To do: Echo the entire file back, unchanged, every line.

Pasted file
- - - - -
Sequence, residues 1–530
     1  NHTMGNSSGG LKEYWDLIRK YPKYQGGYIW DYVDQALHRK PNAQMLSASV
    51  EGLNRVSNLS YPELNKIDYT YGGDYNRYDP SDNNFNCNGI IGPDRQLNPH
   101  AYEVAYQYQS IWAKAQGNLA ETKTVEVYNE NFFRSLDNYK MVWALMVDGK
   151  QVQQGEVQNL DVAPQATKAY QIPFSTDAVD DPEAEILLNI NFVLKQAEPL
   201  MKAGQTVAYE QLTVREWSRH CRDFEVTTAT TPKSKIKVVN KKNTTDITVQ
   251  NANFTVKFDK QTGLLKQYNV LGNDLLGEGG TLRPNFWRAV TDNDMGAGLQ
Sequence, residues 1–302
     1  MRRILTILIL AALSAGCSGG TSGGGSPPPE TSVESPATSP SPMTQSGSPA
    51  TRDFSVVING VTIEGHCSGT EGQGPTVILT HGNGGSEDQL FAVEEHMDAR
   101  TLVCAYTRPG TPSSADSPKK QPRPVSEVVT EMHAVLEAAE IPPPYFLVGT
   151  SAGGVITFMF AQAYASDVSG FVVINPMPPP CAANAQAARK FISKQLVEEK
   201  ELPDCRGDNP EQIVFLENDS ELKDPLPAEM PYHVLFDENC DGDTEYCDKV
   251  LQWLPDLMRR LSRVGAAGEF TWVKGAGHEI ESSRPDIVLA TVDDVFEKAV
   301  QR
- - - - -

Sequence, residues 1–530
     1  NHTMGNSSGG LKEYWDLIRK YPKYQGGYIW DYVDQALHRK PNAQMLSASV
    51  EGLNRVSNLS YPELNKIDYT YGGDYNRYDP SDNNFNCNGI IGPDRQLNPH
   101  AYEVAYQYQS IWAKAQGNLA ETKTVEVYNE NFFRSLDNYK MVWALMVDGK
   151  QVQQGEVQNL DVAPQATKAY QIPFSTDAVD DPEAEILLNI NFVLKQAEPL
   201  MKAGQTVAYE QLTVREWSRH CRDFEVTTAT TPKSKIKVVN KKNTTDITVQ
   251  NANFTVKFDK QTGLLKQYNV LGNDLLGEGG TLRPNFWRAV TDNDMGAGLQ
Sequence, residues 1–302
     1  MRRILTILIL AALSAGCSGG TSGGGSPPPE TSVESPATSP SPMTQSGSPA
    51  TRDFSVVING VTIEGHCSGT EGQGPTVILT HGNGGSEDQL FAVEEHMDAR
   101  TLVCAYTRPG TPSSADSPKK QPRPVSEVVT EMHAVLEAAE IPPPYFLVGT
   151  SAGGVITFMF AQAYASDVSG FVVINPMPPP CAANAQAARK FISKQLVEEK
   201  ELPDCRGDNP EQIVFLENDS ELKDPLPAEM PYHVLFDENC DGDTEYCDKV
   251  LQWLPDLMRR LSRVGAAGEF TWVKGAGHEI ESSRPDIVLA TVDDVFEKAV
   301  QR